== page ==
** Follow the link for more information about the Nik Collection’s <b xhtml:href=””><a hqid=”2781387″ href=”#”>non-destructive workflow</b>.

Keyboard shortcuts

Select ToolAA
Zoom ToolZZ
Zoom outSelect Zoom Tool, hold Alt and click in the imageSelect Zoom Tool, hold Option and click in the image
Zoom outCtrl + “-“Cmd + “-“
Zoom inCtrl + “+”Cmd + “+”
FitCtrl + 0Cmd + 0
Zoom to 100%Ctrl + Alt + 0Cmd + Alt + 0
Pan ToolH or SpacebarH or Spacebar
Apply FilterEnterEnter
Cancel FilterEscEsc
Delete Selected ItemBackspaceDel

Measuring and reducing noise

There are 2 steps in the Dfine 2 process: the automatic measurement of noise, then processing of the noise itself, in a global or selective way (the latter involving either control points or color ranges).

IMPORTANT: For optimal use of Dfine 2, and to avoid cumulative noise processing, disable noise correction in your camera, and most importantly, in your host application.

Dfine 2 also offers specific noise correction brushes for use in Adobe Photoshop. For more information, see Selective Tool 2, Meta-presets and the Brush tool, in the Working with Adobe Photoshop chapter.

Measuring noise

As soon as you open your image, Dfine 2 will analyze it and place measurement rectangles in the image. A progress bar, in the right panel, indicates that measurement is in progress, which can take several seconds.

Once the analysis is finished, the message Auto Profile Applied is displayed in green in the progress bar (1), and the image displays analysis rectangles or tiles, placed in several locations by Dfine 2 (2-5).

Noise Reduction panel

In measurement mode, the Noise Reduction panel consists of the following parts:

  1. Mode selector: Measure or Reduce.
  2. Method selector: Automatic or Manual.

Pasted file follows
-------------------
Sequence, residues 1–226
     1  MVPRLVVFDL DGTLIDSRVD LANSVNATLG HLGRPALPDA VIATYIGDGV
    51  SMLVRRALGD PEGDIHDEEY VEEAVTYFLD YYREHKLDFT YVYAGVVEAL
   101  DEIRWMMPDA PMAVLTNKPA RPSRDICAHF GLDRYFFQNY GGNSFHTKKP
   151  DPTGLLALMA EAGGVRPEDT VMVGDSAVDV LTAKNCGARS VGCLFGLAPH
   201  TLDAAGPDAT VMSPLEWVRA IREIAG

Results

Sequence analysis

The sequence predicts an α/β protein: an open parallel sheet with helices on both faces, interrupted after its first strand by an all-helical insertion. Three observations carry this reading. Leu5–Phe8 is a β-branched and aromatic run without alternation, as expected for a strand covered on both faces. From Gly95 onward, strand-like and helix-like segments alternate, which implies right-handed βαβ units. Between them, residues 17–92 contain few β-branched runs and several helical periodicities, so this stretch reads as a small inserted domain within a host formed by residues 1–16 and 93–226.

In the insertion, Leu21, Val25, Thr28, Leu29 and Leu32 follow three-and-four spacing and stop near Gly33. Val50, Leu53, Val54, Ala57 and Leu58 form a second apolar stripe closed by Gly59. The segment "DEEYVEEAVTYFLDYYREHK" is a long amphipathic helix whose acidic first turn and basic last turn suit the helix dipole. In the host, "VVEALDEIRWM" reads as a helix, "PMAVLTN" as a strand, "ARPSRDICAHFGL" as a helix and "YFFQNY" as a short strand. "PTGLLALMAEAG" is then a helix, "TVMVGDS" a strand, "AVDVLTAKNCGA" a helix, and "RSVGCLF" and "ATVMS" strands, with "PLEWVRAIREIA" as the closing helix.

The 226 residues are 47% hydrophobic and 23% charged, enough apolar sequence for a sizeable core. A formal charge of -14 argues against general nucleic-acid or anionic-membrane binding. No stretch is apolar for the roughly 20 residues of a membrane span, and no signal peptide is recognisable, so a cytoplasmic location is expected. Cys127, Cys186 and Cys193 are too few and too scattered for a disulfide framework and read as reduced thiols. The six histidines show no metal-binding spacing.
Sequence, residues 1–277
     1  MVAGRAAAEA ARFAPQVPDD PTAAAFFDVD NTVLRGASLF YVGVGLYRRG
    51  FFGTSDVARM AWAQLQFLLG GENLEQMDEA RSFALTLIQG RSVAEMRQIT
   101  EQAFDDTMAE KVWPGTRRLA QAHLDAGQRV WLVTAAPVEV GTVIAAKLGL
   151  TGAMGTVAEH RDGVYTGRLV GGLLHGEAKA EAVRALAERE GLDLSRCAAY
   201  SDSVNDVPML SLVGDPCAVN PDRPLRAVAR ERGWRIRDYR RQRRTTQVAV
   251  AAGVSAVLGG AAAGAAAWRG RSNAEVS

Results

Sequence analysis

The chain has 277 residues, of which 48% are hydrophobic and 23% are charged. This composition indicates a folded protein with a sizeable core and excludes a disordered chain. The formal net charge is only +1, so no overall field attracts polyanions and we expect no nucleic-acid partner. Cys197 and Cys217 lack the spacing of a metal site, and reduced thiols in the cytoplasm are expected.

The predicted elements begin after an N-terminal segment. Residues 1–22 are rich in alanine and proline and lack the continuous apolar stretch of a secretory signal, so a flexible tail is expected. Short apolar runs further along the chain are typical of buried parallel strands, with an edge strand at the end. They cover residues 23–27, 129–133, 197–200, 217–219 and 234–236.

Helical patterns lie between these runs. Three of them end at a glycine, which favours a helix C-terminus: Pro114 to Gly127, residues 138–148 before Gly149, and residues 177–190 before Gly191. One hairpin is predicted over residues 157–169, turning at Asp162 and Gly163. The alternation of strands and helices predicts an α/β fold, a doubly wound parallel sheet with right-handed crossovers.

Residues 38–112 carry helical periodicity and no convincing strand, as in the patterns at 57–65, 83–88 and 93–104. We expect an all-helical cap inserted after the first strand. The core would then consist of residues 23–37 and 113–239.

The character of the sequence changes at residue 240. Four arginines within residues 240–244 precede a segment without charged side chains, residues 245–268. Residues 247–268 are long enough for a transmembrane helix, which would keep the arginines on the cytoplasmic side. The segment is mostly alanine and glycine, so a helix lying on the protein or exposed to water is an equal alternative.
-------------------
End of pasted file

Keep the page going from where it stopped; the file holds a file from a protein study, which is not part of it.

3. Add Rectangle: lets you draw analysis rectangles (visible in the Manual method section).
  4. Measure Noise: click to restart an analysis after reinitialization or switching to manual mode.
  5. Noise analysis progress bar
  6. Reset: lets you cancel the noise analysis (click on Measure noise to restart an analysis).
  7. Load: used to load and apply noise reduction profiles.
  8. Save: used to create noise reduction profiles.

Analysis rectangles

You can modify the analysis rectangles as you wish, which means a switch to the Manual method:

  1. Click on a rectangle to select it (the white dotted rectangle becomes red and white).
  2. Use the mouse to move the rectangle where you want in the image.
  3. Use the corner handles to change the size of the rectangle.
  4. Duplicate a rectangle by clicking with the Alt/Option key held down (the pointer will show a “+” sign) then drag the mouse to detach and move the duplicated rectangle.
  5. To delete a rectangle, click on it to activate it, then press the Delete key on your keyboard.

Any action or modification on an analysis rectangle generates the message “Profile must be updated” in the progress bar. In this case, click on the Measure Noise button to restart an analysis.

You can also draw your own rectangles: in Manual mode, click on the Add a Rectangle button, draw in the image*, then redo an analysis by clicking on Measure noise. You can draw as many measurement rectangles as you want.

Draw your rectangles on flat areas or in areas of the image with no details.

Saving and loading a profile

Although the automatic measurement and correction methods are ideal, Dfine 2 lets you save them as profiles that you can assign to a particular camera model and ISO.

  1. To do so, click on Save after measuring.